When the 40% quota was proposed, Rokke opposed it, saying such decisions should be left solely to shareholders. Just how much things have changed since then is spread before me when I visit the company’s headquarters on the banks of an Oslo fjord.
Fanned out on the table are pictures of the current board members in both Aker and its subsidiary companies; out of 48 directors there are now 20 women. Yet this is clearly uncomfortable territory for Aker’s executive vice-president Geir Arne Drangeid. He is tense when we meet to talk about the conglomerate’s boardroom transformations. I’m at a loss to understand why until he concludes our meeting with the aside that he hopes the reason he was not re-elected recently for the board of one of Aker’s subsidiary companies was to make way for a woman.
Talking later to one of the Aker’s most senior former board directors, Kjeld Rimberg, the extent of the company’s initial opposition to the move becomes clear. “The view was that it was a political manoeuvre to pay lip service to feminists and had nothing whatsoever to do with the way companies were run,” he comments.
Seeing the writing was already on the wall, Rimberg says he told Rokke not to hesitate in asking him to stand aside in favour of a woman –which his boss promptly did.
“I did not take it personally. I consider myself lucky to have been invited to the party for 20 years,” says the former head of Norway’s state railway system. “After all, men have been protecting their power for years and years, and there are a lot of stupid and incompetent men on company boards.” It might have been because he was talking to me on the phone from a beach in the south of France that Rimberg finishes our conversation by saying that he is now feeling “quite relaxed” about the new law.
Among the women Aker has recruited to its board are two former government ministers: Kristin Krohn Devold and Hanne Harlem, sister of the country’s one-time prime minister. When Devold was defence minister, she says she was used to chauvinistic treatment on government trips abroad; in Italy it was assumed she was an assistant and she was asked if her group would like coffee. “But if women can hold positions in the most important boardroom in any country, its cabinet,” she says, “then they can certainly contribute to the running of a company.”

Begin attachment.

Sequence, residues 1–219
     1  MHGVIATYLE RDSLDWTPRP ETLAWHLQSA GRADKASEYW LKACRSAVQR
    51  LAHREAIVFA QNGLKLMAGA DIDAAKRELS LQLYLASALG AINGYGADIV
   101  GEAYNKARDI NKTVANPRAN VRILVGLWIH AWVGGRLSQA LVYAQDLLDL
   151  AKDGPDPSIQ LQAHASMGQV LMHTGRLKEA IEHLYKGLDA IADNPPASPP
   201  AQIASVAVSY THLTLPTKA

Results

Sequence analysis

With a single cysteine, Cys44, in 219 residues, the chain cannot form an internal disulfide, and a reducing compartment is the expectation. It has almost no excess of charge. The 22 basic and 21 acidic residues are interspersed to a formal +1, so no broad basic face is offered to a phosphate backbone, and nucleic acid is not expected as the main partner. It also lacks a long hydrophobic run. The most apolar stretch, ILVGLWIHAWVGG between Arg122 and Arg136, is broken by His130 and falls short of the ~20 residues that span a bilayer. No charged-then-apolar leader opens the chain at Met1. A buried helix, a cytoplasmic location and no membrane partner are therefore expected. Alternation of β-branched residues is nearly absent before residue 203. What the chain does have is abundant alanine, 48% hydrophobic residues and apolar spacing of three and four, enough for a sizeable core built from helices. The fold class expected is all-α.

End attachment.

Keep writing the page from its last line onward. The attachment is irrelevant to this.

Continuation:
Women are more intuitive and sensitive to potential problems such as divided interests in boardrooms, says Devold. Hanne Harlem, a former justice minister, agrees with this sentiment and goes further: “Women are much clearer when it comes to ethical issues. They are not afraid to ask awkward questions.”
This is something Kaci Kullman Five, one-time senior executive at Aker – also a former trade minister and current member of the Norwegian Nobel committee – knows only too well. She was briefly acting head of Norway’s giant state-run oil company Statoil in 2003, after its chief executive was forced to resign in a scandal over alleged bribery in its dealings with Iran. “Women are better at working as part of a team and listen more than men, who tend to stick to positions for the sake of their pride,” says Kullman Five, who sits on five company boards.
The growing number of women who now sit on a wide variety of boards brings accusations that, just like men, senior businesswomen are now creating their own exclusive “club”.
It’s almost taboo to admit this openly, says Stig Fagerland, but what is happening in some cases is that older women are pulling up the ladder behind them and leaving younger talent behind.
“I tell young women now to ‘Watch out for the long-stockings!’ ” she laughs. “There will always be plenty of things that women need to fight for, even here in Norway, like equal wages. But I feel more like a relay runner now, ready to pass the baton on to my daughters one day.”